What should you say to an actor when meeting them at the stage door? I've never stage doored before, and I'm not sure if I should make conversation or just ask them for an autograph.
I met Chita Rivera at the stage door for Edwin Drood. Decided to bring up something that happened between me and her years ago when she was in Philly at the out of town opening of her daughter's show "Platinum" prior to it going to Broadway. She actually remembered and we chatted about it. She was sweeping through the lobby at intermission and knocked me and my soda (I was 17) to the floor. She spun around and helped me up off the floor, apologized and headed outside. It was pretty cool that she remembered. We also too a very nice picture together.I was kind of afraid to bring it up but I thought "What the heck". Usually I just say I enjoyed the show. I don't stage door much though. I usually just stand aside and watch then leave.
I am so awkward at stage doors! I just did it for Hadestown last week and only about 3 other times in the past few years. All I’ve managed to convey is a heartfelt “thank you so much”, but then I don’t know if they thought I was thanking them for the autograph or their performance, when I really meant both. I definitely need more practice.
I always just tell them how much I enjoyed their performance. If it's someone I've been a fan of for a long time, I might also mention what of their performances I enjoyed but only after praising their current show--after all, that's the reason I'm there seeing them in the first place! It usually touches them, assuming they're not in a huge rush/the stage door isn't totally packed and they have a moment or two to chat with everyone.It's definitely easier at smaller stage doors. My best/most natural interactions were with Donna Murphy after one Dolly performance when there were only about 5 of us waiting for her (it was an added matinee, and 21 degrees and windy), Carolee Carmello after Sweeney Todd (there weren't a ton of people who waited to see the actors post-show), and Renée Fleming after Carousel (I was at the very end of the line and she sort of hung around there waiting for a friend, she said).
If you really want to tell someone something, try to make it quick - the actors are trying to concentrate on signing for everyone, but they never mind a little personal story, as long as it's short. For example, when I met Andrew Barth Feldman at Dear Evan Hansen, I said, "I think you're the only other person I know who looks at the Disney World wait times when they're not at Disney World," to which he said, and I quote, "Oh, hell yeah." Sometimes, the actors themselves will start a conversation - I've had nice conversations with Gavin Creel at Waitress and Harry Hadden-Paton at My Fair Lady, and I've heard Alex Brighten is able to start a conversation from practically nothing. Most of all, be sure to thank them for such a great performance.Just out of curiosity, what show are you seeing?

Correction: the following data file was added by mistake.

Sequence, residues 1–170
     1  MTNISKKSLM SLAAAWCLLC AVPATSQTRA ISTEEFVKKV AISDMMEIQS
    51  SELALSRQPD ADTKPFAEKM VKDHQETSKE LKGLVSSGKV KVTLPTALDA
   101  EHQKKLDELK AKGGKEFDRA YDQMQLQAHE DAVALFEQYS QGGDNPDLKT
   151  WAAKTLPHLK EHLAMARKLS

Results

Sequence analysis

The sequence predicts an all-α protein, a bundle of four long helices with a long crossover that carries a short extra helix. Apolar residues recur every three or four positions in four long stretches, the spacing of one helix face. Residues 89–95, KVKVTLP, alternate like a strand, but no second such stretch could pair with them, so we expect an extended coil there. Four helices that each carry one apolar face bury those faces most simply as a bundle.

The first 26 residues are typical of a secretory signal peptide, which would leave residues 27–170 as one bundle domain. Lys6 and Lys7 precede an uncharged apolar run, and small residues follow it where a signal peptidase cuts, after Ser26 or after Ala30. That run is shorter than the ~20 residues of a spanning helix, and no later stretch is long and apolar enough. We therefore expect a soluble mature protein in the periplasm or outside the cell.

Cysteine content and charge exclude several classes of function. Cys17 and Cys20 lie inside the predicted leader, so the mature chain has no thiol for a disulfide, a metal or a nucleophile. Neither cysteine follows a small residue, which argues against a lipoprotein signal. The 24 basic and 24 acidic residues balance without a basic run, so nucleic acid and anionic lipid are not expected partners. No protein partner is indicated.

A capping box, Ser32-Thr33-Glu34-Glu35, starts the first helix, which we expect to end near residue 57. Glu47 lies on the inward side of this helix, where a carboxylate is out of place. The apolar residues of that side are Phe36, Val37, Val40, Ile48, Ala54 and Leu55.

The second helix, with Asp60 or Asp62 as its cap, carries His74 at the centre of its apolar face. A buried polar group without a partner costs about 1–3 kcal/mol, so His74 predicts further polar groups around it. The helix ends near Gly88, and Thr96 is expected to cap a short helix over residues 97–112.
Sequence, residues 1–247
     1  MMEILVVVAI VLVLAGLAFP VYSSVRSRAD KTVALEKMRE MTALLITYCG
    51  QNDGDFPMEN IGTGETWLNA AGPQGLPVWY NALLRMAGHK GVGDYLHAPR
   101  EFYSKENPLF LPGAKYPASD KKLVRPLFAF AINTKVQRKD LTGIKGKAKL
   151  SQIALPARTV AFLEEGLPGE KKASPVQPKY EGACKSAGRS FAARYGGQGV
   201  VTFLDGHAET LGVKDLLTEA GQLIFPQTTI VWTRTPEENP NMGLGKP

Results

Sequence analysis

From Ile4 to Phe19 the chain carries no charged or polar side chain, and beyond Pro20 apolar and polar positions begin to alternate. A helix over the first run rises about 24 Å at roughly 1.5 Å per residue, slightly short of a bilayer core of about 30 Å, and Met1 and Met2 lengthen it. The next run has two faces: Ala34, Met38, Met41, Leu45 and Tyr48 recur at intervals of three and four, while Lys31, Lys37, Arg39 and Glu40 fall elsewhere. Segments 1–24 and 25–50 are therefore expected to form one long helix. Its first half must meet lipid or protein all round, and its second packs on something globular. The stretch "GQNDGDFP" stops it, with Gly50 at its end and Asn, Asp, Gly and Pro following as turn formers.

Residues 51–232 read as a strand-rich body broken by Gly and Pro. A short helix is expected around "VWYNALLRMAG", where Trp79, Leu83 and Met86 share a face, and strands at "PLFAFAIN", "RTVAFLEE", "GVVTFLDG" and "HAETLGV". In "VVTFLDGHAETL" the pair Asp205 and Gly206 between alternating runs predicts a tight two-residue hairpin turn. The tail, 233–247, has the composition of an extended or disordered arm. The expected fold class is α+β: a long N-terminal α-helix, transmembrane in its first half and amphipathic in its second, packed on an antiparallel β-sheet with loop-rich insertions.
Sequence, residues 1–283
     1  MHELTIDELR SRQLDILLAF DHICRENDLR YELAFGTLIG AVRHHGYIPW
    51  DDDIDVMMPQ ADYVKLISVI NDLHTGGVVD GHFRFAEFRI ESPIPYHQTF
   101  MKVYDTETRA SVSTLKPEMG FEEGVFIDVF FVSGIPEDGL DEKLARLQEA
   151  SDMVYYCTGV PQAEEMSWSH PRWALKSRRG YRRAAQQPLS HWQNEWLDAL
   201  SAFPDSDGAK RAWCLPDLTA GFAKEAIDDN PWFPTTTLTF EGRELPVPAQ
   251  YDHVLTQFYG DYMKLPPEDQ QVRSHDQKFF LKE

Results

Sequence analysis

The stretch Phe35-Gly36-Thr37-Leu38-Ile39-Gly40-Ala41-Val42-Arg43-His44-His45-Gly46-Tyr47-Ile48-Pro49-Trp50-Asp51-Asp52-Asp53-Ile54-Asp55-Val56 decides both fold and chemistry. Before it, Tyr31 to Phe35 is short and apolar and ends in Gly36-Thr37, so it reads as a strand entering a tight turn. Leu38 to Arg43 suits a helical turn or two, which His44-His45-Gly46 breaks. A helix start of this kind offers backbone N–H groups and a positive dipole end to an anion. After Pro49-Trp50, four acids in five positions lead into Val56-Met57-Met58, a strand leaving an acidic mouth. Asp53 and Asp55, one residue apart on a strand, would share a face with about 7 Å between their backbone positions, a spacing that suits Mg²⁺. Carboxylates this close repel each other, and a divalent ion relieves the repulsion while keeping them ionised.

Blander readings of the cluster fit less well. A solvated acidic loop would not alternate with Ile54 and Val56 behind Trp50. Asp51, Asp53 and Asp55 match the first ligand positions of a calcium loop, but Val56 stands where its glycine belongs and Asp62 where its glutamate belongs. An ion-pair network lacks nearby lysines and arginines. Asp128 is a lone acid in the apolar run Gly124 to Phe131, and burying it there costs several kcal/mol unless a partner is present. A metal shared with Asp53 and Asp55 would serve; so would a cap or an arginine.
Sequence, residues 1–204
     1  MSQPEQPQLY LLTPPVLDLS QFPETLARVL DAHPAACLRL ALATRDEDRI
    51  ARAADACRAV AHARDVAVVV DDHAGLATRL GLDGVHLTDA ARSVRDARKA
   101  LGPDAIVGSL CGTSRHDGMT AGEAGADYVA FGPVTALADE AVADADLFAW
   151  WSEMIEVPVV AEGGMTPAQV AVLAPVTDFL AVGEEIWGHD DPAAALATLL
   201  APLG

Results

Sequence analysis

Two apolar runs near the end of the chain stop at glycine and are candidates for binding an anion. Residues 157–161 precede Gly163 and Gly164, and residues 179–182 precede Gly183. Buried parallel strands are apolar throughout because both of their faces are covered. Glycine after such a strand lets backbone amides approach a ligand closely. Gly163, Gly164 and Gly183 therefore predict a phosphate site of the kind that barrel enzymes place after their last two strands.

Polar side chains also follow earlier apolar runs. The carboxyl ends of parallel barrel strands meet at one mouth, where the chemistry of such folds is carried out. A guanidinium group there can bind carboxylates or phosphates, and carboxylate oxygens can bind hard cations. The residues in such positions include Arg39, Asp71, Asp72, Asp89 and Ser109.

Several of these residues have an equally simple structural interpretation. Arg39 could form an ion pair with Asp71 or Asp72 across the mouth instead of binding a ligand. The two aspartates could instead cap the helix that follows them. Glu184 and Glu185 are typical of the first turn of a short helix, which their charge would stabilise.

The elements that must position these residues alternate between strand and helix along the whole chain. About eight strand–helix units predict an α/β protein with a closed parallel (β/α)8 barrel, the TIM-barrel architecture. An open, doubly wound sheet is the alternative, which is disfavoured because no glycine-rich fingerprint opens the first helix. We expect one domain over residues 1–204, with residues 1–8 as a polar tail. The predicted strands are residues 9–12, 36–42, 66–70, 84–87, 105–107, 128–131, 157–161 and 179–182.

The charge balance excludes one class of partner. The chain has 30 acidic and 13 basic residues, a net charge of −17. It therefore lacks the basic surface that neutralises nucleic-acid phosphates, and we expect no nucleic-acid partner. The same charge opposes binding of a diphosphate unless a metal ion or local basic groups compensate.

The very first time I saw HELLO, DOLLY! (1964) I was so overwhelmed I stood in that passageway in the St.James Theatre with tears of joy in my eyes. When Carol and her entourage finally emerged, she came up to me, stroked my cheek and signed my PLAYBILL.I remained silent. When I visited with her during my visit to CA a few years ago, she claimed to remember that moment. I'll take her word on that.I recalled the experience as I stood outside the St James during dimming ceremony after her death. (God, how I miss her!)
LexiGirl said: "I am so awkward at stage doors! I just did it for Hadestown last week and only about 3othertimes in the past few years.All I’ve managed to convey is a heartfelt “thank you so much”, but then I don’t know if they thought I was thanking them for the autograph or their performance, when I really meant both. I definitely need more practice."Honestly, that's all you need to say. You'd be surprised at how much actors don't even hear "thank you" at stage doors, and just get playbills shoved in their faces. A simple "thank you so much, you were wonderful" can make an actor's night.And honestly, the truth is that most of the time, an actor really doesn't want to hear any more than that. They usually just want to get home, without hearing giant soliloquies from people (not putting you in that bracket, I'm just saying). Sure, you get the Christy Altomares and Alex Brightmans of the world, who will have conversations with people, and listen to fans tell their stories. But most of the time, actors don't need to hear anything more than a simple "thank you, you were wonderful" or something similar.
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